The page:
individual space



common space





Image 21

Types of spaces and its origin in the building







Image 22 Relation between scene and theatre Image 23 Entrance, stage and its clusters

placement on cite











2.2 2.1



Scene 1. Society cluster 1.1 Language cluster 1.2 Science cluster 1.3 Art cluster 1.4 Theatre 2. Stage 2.1 Teacher’s workspace 2.2


Facilities 3. Hallway 3.1 Toilet 3.2 Sports 4. 0

3 Image 24

6m Floorplan level 2


society cluster



language cluster


or sports

science cluster


art cluster

Image 25

Cross section


Image 26


Free spaces on top of clusters connected with stage

Image 27 Stage connected with the teacher’s workspaces

Image 28 View into workspaces teachers


REPRODUCE DETAIL Architecure & Engineering: Production & Parts TU/Eindhoven 2015 Tutor: Jan Schevers Research The course Architecture & Engineering was mainly focused on the make-ability of an architectural project. The first assignment was to remake a 1:1 detail of an existing building wherein the materialisation is as an inspiration for the second assignment. The building which we analysed was the conference center Mennorode in Elspeet (NL). Goal of the second assigment was to individually create an architectural object in which the project starts from the material and the constructing process to result in a functional, comfortable and attractive space. This will be explained on the following pages.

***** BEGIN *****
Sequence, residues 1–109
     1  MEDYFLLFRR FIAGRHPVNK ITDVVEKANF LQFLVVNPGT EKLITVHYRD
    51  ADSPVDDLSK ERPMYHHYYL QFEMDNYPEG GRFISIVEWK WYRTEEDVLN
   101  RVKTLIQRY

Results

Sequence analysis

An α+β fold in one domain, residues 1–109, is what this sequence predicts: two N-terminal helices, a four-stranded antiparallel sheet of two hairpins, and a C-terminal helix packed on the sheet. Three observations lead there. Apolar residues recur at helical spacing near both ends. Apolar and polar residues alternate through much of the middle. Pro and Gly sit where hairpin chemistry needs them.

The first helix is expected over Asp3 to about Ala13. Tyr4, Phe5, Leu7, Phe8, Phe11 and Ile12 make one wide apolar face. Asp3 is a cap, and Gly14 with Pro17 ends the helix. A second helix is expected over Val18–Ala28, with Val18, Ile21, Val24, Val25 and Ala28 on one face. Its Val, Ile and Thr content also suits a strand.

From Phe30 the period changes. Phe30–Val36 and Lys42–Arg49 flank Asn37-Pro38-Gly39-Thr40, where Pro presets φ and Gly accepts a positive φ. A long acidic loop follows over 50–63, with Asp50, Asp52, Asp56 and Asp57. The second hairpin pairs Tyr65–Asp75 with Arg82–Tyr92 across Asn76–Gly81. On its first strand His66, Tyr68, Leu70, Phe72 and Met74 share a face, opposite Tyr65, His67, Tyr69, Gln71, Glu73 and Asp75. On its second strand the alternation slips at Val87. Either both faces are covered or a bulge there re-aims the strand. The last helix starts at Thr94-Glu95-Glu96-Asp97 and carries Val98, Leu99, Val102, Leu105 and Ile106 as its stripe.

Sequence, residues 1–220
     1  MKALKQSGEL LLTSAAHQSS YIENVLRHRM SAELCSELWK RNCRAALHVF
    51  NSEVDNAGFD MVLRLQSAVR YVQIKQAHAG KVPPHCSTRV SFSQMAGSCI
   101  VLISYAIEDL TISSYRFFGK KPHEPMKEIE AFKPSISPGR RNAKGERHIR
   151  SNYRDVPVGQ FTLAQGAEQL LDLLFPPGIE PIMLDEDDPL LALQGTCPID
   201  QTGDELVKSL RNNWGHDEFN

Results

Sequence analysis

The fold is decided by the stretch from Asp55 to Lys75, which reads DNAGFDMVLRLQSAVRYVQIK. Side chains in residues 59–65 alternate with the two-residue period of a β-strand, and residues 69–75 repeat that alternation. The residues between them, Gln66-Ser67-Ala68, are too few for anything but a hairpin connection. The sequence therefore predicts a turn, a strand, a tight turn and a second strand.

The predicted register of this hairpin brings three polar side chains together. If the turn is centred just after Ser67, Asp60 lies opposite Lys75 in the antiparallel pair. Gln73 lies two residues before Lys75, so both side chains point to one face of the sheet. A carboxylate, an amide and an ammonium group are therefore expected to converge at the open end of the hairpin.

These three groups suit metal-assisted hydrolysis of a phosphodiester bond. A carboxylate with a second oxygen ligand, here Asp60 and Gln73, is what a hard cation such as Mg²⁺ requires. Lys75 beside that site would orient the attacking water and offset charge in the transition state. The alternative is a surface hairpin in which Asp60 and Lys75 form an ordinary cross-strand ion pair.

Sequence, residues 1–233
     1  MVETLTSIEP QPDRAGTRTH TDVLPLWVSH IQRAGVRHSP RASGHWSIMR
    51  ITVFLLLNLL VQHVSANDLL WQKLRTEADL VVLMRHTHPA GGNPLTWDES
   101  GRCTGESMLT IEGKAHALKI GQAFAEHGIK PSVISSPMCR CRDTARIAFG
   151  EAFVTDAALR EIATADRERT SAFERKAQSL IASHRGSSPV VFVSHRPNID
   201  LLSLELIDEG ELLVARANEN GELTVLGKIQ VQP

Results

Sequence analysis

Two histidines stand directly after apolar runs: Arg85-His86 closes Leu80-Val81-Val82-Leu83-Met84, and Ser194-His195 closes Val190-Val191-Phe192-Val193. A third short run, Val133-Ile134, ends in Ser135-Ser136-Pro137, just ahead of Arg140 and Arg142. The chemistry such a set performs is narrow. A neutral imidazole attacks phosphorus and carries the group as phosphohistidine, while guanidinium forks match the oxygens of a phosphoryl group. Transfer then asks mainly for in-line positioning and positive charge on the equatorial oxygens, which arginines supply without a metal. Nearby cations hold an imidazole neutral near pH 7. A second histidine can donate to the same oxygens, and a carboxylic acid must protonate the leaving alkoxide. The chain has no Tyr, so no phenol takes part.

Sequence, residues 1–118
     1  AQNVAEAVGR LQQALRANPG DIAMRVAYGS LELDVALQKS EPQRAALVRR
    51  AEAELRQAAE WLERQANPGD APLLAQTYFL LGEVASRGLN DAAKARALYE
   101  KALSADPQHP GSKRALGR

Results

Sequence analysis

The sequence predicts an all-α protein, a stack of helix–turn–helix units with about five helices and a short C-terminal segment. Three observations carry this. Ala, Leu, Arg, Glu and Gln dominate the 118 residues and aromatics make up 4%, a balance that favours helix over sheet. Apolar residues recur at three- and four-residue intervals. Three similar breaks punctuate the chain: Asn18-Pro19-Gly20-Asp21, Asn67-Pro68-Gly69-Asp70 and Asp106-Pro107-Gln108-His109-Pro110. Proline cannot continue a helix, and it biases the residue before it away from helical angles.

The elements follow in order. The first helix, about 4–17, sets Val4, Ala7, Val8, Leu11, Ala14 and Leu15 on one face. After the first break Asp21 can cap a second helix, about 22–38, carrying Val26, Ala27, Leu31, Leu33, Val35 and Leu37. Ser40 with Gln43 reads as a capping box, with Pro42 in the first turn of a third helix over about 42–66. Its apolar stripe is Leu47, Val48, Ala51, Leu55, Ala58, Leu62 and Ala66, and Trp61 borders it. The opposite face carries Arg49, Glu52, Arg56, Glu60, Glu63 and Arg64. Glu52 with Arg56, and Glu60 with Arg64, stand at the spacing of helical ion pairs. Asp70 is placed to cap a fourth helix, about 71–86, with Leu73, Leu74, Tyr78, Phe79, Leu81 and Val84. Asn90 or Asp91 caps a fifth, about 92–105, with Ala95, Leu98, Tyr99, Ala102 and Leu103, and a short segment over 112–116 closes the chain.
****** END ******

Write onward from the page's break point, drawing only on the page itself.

Image 29

Constructing the 1:1 detail

Image 30 Detail

Image 31 Physical reproduced detail 1:1


DEMOUNTABLE PAVILION Make-ability The assignment came with the following restrictions: The movable pavilion has a size around 200m2 and offers space for exhibitions and work-shops. The building offers a comfortable climate and is designed so it can move once a year from it conventional space next to Vertigo at the TUe Campus to the Stadhuisplein in the citycenter of Eindhoven during the DDW. Key drivers of his project: 1. Wood as the main building material, as being lightweight and adjustable. 2. An easily demountable building which expresses mobility. 3. A spacious building that consists of an interesting construction method.